The campaign also features an innovative online component consisting of unique and engaging websites focused on the dangers of abusing cough medicine/dextromethorphan (dextromethorphan, or DXM, is the active ingredient in cough medicine). The Partnership’s Web site features comprehensive online content on the abuse of prescription drugs. Original online content created specifically for parents and teens on the abuse of cough medicine can be found at:
“The message of this campaign can be summed up in three words,” Pasierb said. “Educate, communicate and safeguard. Educate yourself about the medications kids are abusing. Communicate with your kids and dispel the notion – for yourself as well as for your kids – that these medicines can be safely abused. And safeguard your medications by learning which ones can be abused, limit access to them and keep track of the quantities you have in your home. Make sure your friends do the same.”
All advertising for the campaign was created pro bono by advertising agencies Grey, DDB Chicago, Lumina Films and Dieste Harmel & Partners (Spanish-language), along with a number of production companies that donated their time and effort. All actors appear in campaign ads pro bono through the generosity of the Screen Actors Guild and the American Federation of Television and Radio Artists. The Rx and OTC education effort will be a priority campaign for the Partnership, which will work directly with national and local media to gain significant media placements for campaign messages.
Steady Decline in Teen Drug Use, With Marked Areas of Concern The 2005 PATS study confirms that overall substance abuse is steadily declining among teens. The data show noteworthy decreases in teens’ use of tobacco, and steady declines in the number of teens using alcohol. Anti-marijuana attitudes have continued to strengthen since 1998 with 37 percent of teens reporting experimentation with the drug, compared to 42 percent in 1998. Ecstasy use also continues to decline with lifetime trials at 8 percent compared to 12 percent in 2001. Use of cocaine or crack – either lifetime trial, past year and past month – remain stable at 8 percent.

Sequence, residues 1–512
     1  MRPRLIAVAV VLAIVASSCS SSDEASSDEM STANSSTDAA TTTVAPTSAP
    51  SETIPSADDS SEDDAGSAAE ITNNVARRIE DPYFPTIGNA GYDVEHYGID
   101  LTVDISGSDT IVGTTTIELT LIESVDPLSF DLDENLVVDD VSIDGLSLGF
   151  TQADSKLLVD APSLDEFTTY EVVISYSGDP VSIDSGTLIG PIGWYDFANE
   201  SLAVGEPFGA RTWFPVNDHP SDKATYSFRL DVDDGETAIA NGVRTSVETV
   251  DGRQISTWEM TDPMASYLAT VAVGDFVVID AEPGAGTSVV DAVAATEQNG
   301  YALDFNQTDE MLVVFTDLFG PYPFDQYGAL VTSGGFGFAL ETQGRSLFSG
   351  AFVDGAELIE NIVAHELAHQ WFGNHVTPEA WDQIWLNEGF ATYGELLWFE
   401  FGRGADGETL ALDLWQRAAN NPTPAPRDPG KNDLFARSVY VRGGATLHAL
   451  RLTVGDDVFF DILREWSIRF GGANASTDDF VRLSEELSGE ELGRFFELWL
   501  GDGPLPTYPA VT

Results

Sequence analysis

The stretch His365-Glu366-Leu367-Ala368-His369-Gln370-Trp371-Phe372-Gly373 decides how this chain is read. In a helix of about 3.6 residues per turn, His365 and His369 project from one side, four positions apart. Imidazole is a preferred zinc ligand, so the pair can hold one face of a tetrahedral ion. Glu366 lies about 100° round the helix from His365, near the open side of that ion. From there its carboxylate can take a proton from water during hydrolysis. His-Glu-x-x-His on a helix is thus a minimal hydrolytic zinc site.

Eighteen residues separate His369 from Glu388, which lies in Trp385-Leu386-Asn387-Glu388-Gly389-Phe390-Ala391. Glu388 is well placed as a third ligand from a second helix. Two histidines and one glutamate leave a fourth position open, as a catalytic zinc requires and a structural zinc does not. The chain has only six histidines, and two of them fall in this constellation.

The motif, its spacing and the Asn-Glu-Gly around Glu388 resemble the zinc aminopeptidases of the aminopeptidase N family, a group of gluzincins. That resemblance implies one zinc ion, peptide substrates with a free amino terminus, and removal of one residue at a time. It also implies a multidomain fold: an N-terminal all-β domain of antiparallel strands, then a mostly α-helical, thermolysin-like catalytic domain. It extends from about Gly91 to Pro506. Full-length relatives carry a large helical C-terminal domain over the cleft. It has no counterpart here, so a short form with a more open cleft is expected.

However, the PATS data has identified inhalants and methamphetamine abuse as two areas that are cause for concern and careful monitoring:
Inhalants (inhaled fumes of household products) – Teen trial of inhalants has increased over the past three years to an alarming 20 percent and inhalants are currently the second most abused substances behind marijuana (37 percent). While all measures of teen inhalant abuse have not reached the record highs of 1998, falling perceptions of risk indicate that additional increases in use are likely to follow.
Methamphetamine or meth (stimulant) – Teen perception of the risks associated with both trying or using meth regularly have steadily increased over the last three years and this year’s data show usage stabilized at 8 percent at the national level. While teen use of meth is relatively low, only 54 percent of teens see great risk in trying meth once or twice.
“Teens’ low perception of risk in abusing a drug can lead to abuse,” said Pasierb. “History would tell us that we need to stay out in front of meth and inhalants before teen use of these drugs increases.”